As an emeritus Penn State management professor and a Penn State doctoral graduate in management, we found President Eric Barron’s message “Challenges facing Penn State post-Sandusky” refreshingly candid.
After a cautious start as the new Penn State president, Barron’s clear message strikes the right chord regarding the mess the university has been mired in since 2011.
As Barron stated, Penn State is in fine shape with respect to enrollment, research funding, teaching and donor support. It is the university’s public image that needs repair.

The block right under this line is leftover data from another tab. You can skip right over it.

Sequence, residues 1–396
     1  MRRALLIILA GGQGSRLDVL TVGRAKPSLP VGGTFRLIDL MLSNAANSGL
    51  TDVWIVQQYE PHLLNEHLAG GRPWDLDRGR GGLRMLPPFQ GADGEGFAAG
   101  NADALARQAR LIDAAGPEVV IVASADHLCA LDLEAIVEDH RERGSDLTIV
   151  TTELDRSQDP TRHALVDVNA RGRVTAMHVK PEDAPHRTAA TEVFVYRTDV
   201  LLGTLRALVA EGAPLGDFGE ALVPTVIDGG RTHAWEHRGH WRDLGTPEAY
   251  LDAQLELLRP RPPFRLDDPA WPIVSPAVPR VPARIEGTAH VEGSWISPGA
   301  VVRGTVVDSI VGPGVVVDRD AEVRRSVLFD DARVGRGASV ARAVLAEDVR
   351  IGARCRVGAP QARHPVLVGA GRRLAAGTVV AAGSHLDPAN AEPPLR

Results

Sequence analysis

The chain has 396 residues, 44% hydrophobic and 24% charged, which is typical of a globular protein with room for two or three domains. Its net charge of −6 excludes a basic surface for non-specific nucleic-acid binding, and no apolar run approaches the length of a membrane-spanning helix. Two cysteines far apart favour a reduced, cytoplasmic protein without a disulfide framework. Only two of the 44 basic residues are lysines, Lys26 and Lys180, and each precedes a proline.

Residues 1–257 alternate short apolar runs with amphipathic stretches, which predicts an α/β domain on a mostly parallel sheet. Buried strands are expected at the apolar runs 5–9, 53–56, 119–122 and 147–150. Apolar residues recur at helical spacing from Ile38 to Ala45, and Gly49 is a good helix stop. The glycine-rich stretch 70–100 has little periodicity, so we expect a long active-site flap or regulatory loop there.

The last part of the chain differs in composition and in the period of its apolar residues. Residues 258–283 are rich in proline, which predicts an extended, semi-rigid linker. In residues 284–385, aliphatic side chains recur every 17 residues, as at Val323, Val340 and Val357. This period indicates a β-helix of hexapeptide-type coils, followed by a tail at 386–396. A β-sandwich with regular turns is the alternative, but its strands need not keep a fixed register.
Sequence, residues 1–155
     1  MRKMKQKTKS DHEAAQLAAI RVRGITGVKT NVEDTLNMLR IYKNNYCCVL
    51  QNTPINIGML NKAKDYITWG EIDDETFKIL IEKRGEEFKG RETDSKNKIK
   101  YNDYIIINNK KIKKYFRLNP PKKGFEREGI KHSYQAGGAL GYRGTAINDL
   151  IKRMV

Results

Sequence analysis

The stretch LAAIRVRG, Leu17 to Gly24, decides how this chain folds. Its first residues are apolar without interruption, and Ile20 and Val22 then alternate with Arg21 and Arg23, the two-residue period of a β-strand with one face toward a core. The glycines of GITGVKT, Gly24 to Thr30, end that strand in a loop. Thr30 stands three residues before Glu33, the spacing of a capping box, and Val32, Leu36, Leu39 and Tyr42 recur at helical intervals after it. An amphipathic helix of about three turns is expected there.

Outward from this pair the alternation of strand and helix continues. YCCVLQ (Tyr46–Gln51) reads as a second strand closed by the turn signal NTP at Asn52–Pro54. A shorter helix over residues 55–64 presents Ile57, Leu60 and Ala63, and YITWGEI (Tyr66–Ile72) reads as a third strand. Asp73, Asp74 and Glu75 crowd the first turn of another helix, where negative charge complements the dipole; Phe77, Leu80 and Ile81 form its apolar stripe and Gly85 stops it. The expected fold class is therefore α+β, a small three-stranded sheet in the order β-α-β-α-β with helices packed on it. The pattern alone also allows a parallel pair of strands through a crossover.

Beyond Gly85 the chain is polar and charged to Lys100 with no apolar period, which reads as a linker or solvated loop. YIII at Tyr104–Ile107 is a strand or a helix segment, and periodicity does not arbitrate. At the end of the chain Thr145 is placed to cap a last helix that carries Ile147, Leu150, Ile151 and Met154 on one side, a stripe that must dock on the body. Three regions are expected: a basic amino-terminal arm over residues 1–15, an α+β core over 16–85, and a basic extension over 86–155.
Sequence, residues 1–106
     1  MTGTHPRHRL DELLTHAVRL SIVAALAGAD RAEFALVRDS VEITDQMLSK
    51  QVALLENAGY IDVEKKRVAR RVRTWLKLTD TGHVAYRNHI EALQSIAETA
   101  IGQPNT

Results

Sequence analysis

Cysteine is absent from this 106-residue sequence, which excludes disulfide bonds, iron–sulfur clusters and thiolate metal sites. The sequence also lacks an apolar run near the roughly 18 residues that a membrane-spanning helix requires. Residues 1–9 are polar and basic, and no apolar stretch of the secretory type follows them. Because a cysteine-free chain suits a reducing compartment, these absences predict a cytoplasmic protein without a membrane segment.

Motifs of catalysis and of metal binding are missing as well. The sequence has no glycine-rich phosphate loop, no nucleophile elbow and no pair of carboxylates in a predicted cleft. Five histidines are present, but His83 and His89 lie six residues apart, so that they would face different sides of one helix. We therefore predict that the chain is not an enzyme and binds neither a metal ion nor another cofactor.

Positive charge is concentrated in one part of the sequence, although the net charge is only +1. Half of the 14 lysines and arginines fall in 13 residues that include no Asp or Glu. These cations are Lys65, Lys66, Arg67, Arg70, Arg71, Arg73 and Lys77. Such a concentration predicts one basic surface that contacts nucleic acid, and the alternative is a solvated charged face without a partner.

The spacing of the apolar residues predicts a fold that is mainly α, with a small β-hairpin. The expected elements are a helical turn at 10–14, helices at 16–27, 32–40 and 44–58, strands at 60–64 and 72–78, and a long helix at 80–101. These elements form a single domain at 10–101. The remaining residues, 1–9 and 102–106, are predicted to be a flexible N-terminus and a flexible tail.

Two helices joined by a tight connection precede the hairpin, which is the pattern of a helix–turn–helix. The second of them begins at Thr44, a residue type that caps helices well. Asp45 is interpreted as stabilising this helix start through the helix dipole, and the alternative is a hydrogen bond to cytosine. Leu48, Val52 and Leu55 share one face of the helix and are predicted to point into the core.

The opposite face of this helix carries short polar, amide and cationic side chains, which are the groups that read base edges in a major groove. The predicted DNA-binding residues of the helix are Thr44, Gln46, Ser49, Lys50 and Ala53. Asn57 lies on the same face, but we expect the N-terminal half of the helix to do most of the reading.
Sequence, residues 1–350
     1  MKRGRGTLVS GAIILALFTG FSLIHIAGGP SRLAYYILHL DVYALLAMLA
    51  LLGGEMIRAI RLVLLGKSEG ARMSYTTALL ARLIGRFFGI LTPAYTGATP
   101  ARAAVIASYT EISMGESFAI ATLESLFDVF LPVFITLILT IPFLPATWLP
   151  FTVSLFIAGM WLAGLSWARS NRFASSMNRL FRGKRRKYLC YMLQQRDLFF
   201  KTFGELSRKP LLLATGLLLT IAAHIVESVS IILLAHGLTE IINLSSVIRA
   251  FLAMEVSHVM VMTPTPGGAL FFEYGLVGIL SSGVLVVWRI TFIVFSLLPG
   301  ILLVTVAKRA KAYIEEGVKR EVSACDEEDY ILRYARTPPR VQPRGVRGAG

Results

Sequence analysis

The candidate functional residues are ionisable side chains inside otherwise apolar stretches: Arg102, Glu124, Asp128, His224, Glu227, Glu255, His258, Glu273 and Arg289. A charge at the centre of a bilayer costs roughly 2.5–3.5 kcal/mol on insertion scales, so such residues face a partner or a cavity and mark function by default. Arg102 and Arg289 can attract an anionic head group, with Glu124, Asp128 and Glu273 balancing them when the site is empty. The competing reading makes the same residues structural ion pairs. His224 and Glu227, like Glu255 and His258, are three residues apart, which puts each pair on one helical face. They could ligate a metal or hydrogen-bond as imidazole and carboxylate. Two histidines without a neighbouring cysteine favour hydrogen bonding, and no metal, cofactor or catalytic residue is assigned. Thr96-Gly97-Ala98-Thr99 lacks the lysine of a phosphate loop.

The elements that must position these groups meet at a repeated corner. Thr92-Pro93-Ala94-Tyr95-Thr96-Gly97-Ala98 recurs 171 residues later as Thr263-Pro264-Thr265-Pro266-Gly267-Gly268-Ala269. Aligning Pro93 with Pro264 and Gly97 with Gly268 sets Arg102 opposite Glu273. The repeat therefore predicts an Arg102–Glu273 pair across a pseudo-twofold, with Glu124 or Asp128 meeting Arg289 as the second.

The biggest obstacle to Barron’s effectiveness in restoring Penn State’s rightful reputation as a world-class university is the “Old Guard” faction of the board of trustees. They are the ones who bungled the response to the Sandusky charges; who accepted the Freeh report without even reading it; who approved the signing of the consent decree allowing the NCAA to levy unwarranted sanctions on the university; and who are now resisting the bona fide governance reforms that would make Penn State a better-run organization.
Despite scathing criticism from faculty, students, alumni, watchdog groups and the media, the “Old Guard” continues to defend their past actions.
State officials have signaled that they are prepared to impose governance improvements on Penn State. Barron could avoid the embarrassment of state intervention by taking on the misguided obstructionists on the trustees who stand in the way of progress.